I had Neil and my mum as birthing partners and luckily mum packed a snacks bag as we were in for the long haul with this one!
(Birth story with the gory bits incoming…!)
So, for anyone who doesn’t know what happens when your baby is induced, they start of gentle. With a pessary designed to jump start your labour. Your then hooked up to the CTG monitor and then you wait…for six hours…for something to happen. And nothing did. The monitor was picking up some contractions but these were so mild I barely noticed the majority of these. I was allowed to go for a walk and told to grab some lunch and to go for a walk.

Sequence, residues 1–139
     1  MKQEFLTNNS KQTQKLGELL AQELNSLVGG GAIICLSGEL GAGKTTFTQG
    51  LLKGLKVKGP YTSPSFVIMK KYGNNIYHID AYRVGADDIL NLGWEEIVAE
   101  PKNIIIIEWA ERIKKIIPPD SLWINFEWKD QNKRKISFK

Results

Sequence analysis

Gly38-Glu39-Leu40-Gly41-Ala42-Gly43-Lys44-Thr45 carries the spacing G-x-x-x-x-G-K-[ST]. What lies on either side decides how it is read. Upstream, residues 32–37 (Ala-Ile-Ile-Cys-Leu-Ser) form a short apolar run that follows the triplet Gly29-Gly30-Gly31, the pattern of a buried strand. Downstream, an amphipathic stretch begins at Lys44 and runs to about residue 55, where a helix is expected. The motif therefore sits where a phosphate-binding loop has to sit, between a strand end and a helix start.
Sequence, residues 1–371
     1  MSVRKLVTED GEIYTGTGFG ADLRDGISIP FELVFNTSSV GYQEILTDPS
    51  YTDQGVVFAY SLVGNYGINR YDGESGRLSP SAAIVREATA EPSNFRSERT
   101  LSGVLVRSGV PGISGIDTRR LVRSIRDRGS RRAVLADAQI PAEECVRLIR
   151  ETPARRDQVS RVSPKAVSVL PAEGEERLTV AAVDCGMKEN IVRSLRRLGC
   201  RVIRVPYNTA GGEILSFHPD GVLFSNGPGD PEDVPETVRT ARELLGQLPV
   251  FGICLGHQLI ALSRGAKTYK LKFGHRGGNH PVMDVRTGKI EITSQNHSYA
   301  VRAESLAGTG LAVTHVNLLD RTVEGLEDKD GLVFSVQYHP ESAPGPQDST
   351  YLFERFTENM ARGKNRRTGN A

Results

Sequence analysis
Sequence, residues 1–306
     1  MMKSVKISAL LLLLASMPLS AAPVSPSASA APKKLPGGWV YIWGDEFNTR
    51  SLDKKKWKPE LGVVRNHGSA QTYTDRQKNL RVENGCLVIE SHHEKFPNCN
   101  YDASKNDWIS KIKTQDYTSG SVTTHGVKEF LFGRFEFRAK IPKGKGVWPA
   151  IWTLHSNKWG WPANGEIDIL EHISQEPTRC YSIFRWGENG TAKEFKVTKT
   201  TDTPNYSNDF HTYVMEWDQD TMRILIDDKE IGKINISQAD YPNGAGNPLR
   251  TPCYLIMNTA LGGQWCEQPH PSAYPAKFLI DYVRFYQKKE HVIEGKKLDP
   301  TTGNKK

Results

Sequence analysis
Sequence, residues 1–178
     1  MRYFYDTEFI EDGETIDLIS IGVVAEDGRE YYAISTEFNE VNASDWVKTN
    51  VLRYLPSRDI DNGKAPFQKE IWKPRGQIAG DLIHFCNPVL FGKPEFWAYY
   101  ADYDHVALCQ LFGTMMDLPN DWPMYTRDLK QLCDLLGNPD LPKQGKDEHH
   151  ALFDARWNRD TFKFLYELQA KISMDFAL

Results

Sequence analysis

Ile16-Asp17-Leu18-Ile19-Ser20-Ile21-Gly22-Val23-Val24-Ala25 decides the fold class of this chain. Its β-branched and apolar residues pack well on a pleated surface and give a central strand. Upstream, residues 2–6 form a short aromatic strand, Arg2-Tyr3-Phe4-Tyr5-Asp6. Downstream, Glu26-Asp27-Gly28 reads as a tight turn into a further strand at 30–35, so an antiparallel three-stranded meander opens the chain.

Birthing in the hospital you work in can be awkward, but luckily at this point the only person we bumped into was one of my lovely colleagues!
The next step was to have my waters broken. This sounded painless…mum said it would be painless…it was not! The only way I can describe it is a slightly more scratchy version of a smear test and is done with what looks like a giant crochet hook! Smears are necessity in us females lives and so was the breaking of my membrane as clearly my body sucked at labour!
After a moment of being amazed of the level of amniotic fluid one can possibly be holding on to (there is more to this story…but I think we shall leave that there! We are still traumatised by this event!) and told to go for another walk and grab some (more!) food my contractions finally started. A mere eleven hours after we arrived!